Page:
Source: Press TV
The chief of the British armed forces has dismissed the head of the Navy's concerns over the UK's inability to sustain its military presence in the war against Libya.
General Sir David Richards, the head of the armed forces boasted that the country is still involved in the war as long as it deemed necessary, British media reported.
Sir David Richards was answering concerns raised by head of the Navy, Admiral Sir Mark Stanhope who said earlier that the government's defence cuts would prevent the country from playing a sustainable role in the NATO invasion of the North African country.
NATO took over the Libyan mission on March 31st, initially for 90 days but its mission has been extended by another 90 days.
The internal rifts between the British top military brass will add to the warnings that NATO military alliance has become split on how to go on with the intervention, with several member countries including Norway considering leaving the war.
The war, now in its 4th months, was triggered by a joint draft tabled at the UN Security Council by Britain and France. And, the ultimate resolution 1973 called for a no-fly zone to be imposed on Libya to protect the countries' civilians from being killed at the hands of the country's long-time ruler Muammar Qaddafi.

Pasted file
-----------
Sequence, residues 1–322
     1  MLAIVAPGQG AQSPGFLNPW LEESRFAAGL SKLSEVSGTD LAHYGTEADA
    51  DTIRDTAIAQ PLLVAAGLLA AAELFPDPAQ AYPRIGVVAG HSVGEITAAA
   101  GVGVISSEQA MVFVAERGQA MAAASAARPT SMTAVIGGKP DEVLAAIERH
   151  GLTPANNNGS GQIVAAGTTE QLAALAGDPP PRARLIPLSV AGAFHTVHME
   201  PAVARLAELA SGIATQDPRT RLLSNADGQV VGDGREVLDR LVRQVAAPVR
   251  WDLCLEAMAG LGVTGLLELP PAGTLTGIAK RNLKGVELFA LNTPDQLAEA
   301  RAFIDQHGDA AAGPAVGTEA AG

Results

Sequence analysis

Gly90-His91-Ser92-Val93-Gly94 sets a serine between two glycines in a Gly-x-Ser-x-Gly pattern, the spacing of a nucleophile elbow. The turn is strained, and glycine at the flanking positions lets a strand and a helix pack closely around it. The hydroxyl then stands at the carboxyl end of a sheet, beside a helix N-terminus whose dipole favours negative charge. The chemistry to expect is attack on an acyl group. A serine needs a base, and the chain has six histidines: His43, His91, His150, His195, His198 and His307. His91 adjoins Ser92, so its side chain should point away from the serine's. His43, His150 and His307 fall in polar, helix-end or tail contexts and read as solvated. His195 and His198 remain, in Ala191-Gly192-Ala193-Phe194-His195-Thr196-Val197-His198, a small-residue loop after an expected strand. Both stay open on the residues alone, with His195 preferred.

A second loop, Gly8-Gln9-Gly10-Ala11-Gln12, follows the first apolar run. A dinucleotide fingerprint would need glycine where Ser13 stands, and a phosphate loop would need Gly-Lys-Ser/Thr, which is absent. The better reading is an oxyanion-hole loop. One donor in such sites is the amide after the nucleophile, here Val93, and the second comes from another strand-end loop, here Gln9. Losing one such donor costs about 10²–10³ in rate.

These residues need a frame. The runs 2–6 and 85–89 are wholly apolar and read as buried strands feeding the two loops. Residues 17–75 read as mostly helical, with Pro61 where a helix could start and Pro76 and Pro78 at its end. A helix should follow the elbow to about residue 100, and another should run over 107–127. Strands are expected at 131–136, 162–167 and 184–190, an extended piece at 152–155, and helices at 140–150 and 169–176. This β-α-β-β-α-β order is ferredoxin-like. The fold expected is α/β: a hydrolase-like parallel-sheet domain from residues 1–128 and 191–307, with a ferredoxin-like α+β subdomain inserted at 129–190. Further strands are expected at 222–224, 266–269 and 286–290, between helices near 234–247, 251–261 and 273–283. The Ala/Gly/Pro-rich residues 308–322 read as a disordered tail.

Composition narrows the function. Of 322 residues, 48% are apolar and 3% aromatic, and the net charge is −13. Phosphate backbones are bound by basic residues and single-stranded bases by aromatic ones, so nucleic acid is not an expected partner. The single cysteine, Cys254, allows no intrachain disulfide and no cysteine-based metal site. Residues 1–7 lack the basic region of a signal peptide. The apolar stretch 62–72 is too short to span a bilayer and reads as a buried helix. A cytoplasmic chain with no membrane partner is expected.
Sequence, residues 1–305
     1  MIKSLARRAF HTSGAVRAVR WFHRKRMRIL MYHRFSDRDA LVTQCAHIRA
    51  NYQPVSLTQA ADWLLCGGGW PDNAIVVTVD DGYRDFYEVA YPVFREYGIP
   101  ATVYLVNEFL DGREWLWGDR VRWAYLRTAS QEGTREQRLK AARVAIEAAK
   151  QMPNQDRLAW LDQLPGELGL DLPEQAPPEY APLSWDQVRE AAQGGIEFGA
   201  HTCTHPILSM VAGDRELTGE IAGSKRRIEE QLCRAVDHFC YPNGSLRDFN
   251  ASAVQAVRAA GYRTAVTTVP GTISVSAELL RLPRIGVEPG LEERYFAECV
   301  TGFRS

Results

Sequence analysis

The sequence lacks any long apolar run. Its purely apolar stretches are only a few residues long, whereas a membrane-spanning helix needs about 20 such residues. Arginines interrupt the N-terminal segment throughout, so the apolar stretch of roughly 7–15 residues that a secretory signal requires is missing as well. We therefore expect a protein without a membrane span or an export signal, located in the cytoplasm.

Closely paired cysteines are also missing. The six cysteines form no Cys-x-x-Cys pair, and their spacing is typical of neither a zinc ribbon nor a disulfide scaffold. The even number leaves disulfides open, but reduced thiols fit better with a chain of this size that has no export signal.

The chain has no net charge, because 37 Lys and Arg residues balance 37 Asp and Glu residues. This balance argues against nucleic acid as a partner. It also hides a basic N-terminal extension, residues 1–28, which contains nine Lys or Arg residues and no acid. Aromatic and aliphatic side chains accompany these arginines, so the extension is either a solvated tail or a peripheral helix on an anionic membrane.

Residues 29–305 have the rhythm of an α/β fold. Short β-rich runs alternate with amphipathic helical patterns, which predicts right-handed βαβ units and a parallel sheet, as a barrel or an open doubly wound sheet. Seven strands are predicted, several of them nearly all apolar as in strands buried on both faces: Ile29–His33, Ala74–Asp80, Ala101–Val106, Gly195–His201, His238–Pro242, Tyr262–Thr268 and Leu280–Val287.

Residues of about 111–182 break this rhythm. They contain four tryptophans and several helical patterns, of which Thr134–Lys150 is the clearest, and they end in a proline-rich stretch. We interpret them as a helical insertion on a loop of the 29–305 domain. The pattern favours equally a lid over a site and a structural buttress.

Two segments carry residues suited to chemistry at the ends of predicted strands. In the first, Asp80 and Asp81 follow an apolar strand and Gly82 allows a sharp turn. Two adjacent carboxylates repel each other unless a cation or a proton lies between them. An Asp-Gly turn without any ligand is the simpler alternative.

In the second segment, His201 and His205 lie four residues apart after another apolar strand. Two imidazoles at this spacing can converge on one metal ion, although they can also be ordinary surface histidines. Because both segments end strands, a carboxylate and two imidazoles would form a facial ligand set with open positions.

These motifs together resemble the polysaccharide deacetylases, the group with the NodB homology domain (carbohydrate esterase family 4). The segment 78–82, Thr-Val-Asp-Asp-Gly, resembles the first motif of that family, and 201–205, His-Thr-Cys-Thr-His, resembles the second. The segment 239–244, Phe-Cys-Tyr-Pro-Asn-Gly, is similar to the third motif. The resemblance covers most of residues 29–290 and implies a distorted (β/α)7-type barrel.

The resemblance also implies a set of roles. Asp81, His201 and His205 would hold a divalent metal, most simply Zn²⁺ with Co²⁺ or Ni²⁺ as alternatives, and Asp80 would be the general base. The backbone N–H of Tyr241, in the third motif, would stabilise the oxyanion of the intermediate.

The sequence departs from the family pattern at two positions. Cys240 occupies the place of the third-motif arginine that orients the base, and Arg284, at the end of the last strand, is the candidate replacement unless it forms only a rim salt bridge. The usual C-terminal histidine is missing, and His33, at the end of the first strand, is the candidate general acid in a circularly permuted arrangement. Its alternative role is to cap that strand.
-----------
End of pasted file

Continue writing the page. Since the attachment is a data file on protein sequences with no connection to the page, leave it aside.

Sir David Richards attempted to allay fears that Britain could not maintain the current level of military operations in Libya for much longer, a concern triggered by Sir Mark Stanhope, who warned that the government would have to make "challenging decisions" if the mission lasted more than six months.
Sir Mark, the First Sea Lord, said the campaign would have been easier if naval commanders had been able to call on the aircraft carrier and the fleet of Harrier jump jets scrapped last year as part of a bruising round of cuts.
But, Sir David suggested that the First Sea Lord had been misunderstood, saying it was "not correct" that the UK could only maintain operations for another three months.
"We can sustain this operation as long as we choose to. I am absolutely clear on that", boasted General Richards.
Liam Fox, the Defence Secretary, also guaranteed the forces would be given the resources they required.
This is while that the UK Navy chief said his forces had been forced to ask the US to resupply Tomahawk missiles used by submarines to attack Libyan targets.